• Click on the Start button, then All Programs, then Accessories, then Ease of Access, then click on Magnifier.

Move the pointer to the part of the screen that you want to magnify.

Change any of the following Magnifier settings:

To invert the colors for better readability Select Invert Colors.
This might be useful if, for example, a document has black text on a white background but for you, white text on a black background is easier to read.

To dock the Magnifier window to the edge of the screen
Select Docked, and then click a location from the Dock Position list.

To keep the Magnifier settings dialog box minimized when you open Magnifier
Select Minimize on Startup.

To resize the Magnifier window.
Move the mouse pointer over the edge of the magnification window until the pointer becomes a double-headed arrow (on some computers, the pointer might change to a different form).

Drag the window border to resize the window.

To move the Magnifier window.
Move the mouse pointer over the magnification window.
Drag the window to where you want it on your desktop.

To see an enlarged version of what your mouse is pointing at
Select Follow mouse cursor.

To see the area where your pointer moves when you press the TAB or arrow keys
Select Follow keyboard focus.

To see what you're typing
Select Follow text editing.

In the Scale Factor list, select a level. The zoom level in the Magnifier window will change right away. Adjust the level until it's right for you.

Hear text read aloud with Narrator in Windows Vista

Windows comes with a basic screen reader called Narrator that reads text on the screen aloud and describes some events (such as an error message appearing) that happen while you're using the computer.

To open Narrator:

  • Click on the Start button, then All Programs, then Accessories, then Ease of Access, then click on Narrator.

To choose the text Narrator always reads

Under Main Narrator Settings box, do one or more of the following:

To hear what you type
Select the Echo User's Keystrokes check box.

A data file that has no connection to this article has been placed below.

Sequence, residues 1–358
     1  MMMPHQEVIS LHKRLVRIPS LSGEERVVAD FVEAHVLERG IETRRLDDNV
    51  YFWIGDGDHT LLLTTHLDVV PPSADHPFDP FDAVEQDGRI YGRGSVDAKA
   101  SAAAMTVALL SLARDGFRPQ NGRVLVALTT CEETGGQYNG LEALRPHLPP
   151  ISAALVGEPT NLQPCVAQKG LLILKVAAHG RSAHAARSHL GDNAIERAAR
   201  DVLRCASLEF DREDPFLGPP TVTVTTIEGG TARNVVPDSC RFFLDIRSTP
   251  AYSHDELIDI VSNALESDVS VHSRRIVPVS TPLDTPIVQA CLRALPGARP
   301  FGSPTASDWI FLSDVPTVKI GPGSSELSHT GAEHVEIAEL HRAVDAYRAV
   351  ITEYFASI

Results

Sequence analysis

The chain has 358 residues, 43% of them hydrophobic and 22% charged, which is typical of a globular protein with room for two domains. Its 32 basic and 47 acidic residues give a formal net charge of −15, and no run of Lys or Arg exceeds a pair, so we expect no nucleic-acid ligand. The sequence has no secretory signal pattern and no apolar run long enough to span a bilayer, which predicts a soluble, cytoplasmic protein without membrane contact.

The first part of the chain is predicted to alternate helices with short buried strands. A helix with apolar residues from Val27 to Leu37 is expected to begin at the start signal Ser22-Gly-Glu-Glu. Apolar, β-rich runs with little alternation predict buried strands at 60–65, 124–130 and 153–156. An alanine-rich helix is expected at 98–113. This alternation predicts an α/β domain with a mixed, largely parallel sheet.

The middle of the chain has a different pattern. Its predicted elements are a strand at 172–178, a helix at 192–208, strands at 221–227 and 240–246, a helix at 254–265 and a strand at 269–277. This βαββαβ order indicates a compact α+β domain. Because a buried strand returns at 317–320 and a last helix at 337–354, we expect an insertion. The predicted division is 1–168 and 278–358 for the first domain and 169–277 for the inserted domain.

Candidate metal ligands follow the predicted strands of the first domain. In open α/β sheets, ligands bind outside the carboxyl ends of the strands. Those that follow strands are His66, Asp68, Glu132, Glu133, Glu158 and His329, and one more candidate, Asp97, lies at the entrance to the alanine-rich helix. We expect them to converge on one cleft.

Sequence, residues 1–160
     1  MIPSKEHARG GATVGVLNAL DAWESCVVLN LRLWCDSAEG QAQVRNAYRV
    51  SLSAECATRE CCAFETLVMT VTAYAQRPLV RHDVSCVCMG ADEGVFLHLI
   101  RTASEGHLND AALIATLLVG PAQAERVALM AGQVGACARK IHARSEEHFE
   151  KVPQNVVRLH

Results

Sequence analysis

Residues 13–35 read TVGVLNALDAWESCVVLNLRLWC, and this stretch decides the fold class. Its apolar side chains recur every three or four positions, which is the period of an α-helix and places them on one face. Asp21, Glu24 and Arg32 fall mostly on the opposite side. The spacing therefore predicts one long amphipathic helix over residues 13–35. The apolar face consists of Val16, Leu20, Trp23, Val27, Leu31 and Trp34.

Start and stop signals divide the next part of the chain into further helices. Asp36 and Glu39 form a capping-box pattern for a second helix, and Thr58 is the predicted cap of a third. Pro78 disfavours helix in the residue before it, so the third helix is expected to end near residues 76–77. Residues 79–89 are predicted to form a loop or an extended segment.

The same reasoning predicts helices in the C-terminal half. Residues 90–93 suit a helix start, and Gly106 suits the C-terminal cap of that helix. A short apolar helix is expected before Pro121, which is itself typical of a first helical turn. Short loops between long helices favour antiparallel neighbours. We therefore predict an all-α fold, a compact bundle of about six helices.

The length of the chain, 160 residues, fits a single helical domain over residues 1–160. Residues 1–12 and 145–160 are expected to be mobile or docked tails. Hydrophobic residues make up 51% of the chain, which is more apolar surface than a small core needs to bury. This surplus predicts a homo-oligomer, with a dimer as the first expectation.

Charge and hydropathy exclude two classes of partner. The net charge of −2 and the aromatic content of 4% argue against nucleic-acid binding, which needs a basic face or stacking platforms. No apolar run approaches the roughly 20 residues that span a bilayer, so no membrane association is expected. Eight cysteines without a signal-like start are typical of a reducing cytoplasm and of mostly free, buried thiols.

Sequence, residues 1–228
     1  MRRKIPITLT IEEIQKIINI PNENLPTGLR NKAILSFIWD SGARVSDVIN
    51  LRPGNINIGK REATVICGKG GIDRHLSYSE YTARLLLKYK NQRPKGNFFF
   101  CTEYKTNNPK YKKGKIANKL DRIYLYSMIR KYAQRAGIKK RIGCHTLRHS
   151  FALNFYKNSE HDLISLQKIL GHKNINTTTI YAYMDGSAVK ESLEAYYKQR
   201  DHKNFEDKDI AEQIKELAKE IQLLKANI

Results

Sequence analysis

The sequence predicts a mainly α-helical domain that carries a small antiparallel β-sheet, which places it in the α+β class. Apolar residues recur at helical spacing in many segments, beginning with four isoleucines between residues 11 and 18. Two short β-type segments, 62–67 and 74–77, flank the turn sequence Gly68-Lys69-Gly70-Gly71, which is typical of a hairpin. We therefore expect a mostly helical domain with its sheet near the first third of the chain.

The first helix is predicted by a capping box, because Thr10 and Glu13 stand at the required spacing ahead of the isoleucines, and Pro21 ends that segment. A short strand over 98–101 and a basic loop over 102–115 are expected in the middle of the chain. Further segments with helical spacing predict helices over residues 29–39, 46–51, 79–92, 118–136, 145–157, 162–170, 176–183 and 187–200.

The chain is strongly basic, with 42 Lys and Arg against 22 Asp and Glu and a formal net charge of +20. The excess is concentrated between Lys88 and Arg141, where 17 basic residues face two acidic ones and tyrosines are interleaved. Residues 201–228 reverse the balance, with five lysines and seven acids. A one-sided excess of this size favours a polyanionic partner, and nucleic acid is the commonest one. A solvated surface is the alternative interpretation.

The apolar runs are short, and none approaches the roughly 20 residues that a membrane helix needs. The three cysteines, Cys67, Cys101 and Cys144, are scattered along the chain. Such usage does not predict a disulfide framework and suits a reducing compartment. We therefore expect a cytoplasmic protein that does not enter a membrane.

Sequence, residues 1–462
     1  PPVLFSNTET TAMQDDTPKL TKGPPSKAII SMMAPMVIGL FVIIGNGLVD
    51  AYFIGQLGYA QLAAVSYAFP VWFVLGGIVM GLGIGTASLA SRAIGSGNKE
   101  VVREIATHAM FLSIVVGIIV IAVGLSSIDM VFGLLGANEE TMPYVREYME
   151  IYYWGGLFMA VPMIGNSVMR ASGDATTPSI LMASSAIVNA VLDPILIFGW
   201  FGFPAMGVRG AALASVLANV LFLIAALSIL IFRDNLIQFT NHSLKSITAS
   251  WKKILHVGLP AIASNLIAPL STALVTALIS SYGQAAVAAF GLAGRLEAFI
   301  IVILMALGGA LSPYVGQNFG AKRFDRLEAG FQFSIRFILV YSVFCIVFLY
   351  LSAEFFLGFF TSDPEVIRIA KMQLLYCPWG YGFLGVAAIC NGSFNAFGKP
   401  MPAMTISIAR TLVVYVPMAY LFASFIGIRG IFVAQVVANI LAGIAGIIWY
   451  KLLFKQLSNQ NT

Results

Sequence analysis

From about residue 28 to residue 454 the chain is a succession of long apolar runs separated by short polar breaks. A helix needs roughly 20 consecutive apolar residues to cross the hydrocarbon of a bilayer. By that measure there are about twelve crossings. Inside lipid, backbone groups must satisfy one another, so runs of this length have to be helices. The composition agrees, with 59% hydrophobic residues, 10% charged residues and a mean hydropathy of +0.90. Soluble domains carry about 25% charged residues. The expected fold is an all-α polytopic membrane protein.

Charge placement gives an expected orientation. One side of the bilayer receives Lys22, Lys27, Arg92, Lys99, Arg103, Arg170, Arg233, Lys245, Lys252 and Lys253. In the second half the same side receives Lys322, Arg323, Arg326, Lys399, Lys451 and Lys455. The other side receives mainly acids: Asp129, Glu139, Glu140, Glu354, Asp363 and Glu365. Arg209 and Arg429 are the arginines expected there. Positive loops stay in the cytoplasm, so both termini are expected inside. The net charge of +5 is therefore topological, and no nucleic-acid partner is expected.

To hear background events, such as notifications
Select the Announce System Messages check box.

To hear an announcement when the screen scrolls
Select the Announce Scroll Notifications check box.

To start Narrator Minimized

Select the Start Narrator Minimized check box.

The next time you start Narrator, it will appear as an icon on the taskbar instead of being open on your screen.

Notes:

  • To restore the Narrator dialog box to its full size, click Narrator in the taskbar.

 

Customer service is #1

Here at Geeks in Phoenix, we take pride in providing excellent customer service. We aim to give the highest quality of service  from computer repair, virus removal, and data recovery.

Bring your computer to us and save

Diagnosing PC problems can be time-consuming. From running memory checking software to scanning for viruses, these are processes can take some time. We base our in-shop service on the actual time we work on your computer, not the time it takes your computer to work!

Contact us

Geeks in Phoenix
Professional service at an affordable price!
4722 East Monte Vista Road
Phoenix, Arizona 85008
(602) 795-1111

Like Geeks in Phoenix on Facebook

Follow Geeks in Phoenix on Twitter

Watch Geeks in Phoenix on YouTube

Geeks in Phoenix is an IT consulting company specializing in servicing laptop and desktop computers. Since 2008, our expert and knowledgeable technicians have provided excellent computer repair, virus removal, data recovery, photo manipulation, and website support to the greater Phoenix metro area.

At Geeks in Phoenix, we have the most outstanding computer consultants that provide the highest exceptional service in Phoenix, Paradise Valley, Scottsdale, and Tempe, Arizona. We offer in-shop, on-site, and remote (with stable Internet connection) computer support and services.

Copyright © 2020 Geeks in Phoenix LLC